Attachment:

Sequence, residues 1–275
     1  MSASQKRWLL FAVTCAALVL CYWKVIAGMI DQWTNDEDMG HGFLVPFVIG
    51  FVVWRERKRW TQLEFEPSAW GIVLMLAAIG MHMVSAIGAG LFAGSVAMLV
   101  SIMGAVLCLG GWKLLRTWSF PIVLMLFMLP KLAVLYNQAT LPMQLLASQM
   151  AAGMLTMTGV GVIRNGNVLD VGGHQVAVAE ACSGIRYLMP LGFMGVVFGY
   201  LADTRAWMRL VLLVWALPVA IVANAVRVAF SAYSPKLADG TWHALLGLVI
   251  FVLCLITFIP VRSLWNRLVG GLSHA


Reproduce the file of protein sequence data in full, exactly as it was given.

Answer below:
Sequence, residues 1–275
     1  MSASQKRWLL FAVTCAALVL CYWKVIAGMI DQWTNDEDMG HGFLVPFVIG
    51  FVVWRERKRW TQLEFEPSAW GIVLMLAAIG MHMVSAIGAG LFAGSVAMLV
   101  SIMGAVLCLG GWKLLRTWSF PIVLMLFMLP KLAVLYNQAT LPMQLLASQM
   151  AAGMLTMTGV GVIRNGNVLD VGGHQVAVAE ACSGIRYLMP LGFMGVVFGY
   201  LADTRAWMRL VLLVWALPVA IVANAVRVAF SAYSPKLADG TWHALLGLVI
   251  FVLCLITFIP VRSLWNRLVG GLSHA